February 17, 2016

The next leap in synthetic life

"It took geneticist Craig Venter 15 years and US$40 million to synthesize the genome of a bacterial parasite. Today, an academic team made up mostly of undergraduate students reports the next leap in synthetic life: the redesign and production of a fully functional chromosome from the baker’s yeast Saccharomyces cerevisiae.

As a eukaryote, a category that includes humans and other animals, S. cerevisiae has a more complex genome than Venter's parasite. "

“I wasn’t sceptical about whether it could be done,” Boeke says. The question, he explains, was: “How can we make this different from a normal chromosome and put something into it that’s really going to make it worthwhile?”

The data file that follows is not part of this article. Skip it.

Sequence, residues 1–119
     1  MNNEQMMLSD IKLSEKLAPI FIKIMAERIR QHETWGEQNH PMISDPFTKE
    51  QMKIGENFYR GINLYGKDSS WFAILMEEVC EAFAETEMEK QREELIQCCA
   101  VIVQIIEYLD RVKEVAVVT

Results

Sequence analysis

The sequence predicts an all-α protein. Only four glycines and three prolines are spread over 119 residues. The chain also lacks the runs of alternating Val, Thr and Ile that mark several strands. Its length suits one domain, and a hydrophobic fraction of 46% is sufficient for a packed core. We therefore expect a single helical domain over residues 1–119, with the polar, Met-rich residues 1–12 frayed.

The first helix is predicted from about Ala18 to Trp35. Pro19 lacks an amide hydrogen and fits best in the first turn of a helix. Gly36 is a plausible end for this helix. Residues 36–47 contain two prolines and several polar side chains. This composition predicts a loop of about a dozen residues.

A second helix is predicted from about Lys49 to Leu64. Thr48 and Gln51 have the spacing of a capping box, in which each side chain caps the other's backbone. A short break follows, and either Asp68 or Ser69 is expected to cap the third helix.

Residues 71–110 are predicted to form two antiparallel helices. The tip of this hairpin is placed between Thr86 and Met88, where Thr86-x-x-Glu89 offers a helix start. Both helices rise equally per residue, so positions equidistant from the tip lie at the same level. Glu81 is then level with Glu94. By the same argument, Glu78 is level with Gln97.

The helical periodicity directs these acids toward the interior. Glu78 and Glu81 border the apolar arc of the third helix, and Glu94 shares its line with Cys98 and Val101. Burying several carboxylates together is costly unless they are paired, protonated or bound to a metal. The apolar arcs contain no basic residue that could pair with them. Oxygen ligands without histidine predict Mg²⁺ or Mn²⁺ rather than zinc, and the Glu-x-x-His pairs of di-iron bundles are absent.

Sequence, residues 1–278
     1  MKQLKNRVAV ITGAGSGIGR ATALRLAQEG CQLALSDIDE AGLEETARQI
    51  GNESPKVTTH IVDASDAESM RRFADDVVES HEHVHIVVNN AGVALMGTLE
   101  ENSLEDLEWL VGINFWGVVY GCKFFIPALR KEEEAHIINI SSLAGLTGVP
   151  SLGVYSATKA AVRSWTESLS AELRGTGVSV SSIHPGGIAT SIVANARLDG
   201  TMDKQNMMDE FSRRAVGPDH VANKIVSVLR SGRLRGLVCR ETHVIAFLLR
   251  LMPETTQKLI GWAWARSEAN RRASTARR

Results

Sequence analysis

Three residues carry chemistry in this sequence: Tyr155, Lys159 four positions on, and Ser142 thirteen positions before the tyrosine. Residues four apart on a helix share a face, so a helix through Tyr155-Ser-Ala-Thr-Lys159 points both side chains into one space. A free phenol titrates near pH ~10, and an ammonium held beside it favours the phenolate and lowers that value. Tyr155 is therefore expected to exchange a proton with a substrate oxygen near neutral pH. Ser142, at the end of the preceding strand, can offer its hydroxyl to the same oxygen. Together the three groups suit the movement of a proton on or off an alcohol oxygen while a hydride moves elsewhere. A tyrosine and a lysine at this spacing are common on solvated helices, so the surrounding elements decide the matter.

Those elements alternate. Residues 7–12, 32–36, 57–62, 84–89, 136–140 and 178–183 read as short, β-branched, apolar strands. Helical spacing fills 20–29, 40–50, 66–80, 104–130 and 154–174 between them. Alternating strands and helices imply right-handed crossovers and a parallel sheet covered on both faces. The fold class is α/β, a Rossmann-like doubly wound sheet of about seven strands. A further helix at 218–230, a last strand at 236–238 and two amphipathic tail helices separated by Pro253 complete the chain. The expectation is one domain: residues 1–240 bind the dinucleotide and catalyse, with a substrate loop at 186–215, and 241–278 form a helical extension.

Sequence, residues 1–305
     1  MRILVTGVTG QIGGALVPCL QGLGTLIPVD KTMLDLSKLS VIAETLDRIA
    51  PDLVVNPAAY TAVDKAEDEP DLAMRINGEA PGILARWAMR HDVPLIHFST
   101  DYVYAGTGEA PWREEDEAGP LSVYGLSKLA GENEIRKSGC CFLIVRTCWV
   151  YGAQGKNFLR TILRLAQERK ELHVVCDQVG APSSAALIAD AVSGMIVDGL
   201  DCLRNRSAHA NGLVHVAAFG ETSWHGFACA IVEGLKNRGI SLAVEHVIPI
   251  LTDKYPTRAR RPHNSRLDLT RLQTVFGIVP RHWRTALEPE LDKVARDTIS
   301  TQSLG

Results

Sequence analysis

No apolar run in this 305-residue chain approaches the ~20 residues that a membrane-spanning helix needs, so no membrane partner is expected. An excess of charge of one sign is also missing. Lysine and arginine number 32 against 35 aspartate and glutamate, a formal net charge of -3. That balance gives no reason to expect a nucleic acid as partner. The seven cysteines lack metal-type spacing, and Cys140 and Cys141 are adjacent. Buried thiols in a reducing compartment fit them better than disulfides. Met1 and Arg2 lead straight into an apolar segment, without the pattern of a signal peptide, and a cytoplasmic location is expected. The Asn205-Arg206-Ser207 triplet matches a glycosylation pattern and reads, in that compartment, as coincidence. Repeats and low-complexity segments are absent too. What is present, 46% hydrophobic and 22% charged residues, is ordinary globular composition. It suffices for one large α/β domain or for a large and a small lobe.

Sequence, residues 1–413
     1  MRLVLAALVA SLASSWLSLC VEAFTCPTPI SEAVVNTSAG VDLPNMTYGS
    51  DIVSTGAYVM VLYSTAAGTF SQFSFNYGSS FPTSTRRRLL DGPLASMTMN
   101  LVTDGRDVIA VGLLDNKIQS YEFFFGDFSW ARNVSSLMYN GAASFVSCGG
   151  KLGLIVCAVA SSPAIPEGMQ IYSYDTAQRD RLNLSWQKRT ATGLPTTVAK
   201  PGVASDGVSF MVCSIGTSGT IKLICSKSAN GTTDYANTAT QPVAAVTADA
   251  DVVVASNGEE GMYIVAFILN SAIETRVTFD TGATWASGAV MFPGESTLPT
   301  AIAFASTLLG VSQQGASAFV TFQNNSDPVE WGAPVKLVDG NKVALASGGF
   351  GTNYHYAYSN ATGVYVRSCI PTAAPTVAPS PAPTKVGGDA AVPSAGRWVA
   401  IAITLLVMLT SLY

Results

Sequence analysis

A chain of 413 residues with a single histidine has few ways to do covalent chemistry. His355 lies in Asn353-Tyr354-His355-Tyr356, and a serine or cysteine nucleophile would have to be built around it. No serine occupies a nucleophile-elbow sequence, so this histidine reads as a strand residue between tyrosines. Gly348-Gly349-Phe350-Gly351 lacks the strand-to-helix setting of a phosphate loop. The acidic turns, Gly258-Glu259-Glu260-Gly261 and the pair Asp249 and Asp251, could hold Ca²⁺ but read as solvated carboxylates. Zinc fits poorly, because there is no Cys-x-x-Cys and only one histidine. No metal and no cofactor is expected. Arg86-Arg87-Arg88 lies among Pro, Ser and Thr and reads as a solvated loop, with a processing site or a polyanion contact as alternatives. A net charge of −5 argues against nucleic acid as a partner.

Nature - First synthetic yeast chromosome revealed

BBC - Scientists hail synthetic chromosome advance

Wiki - Yeast artificial chromosome

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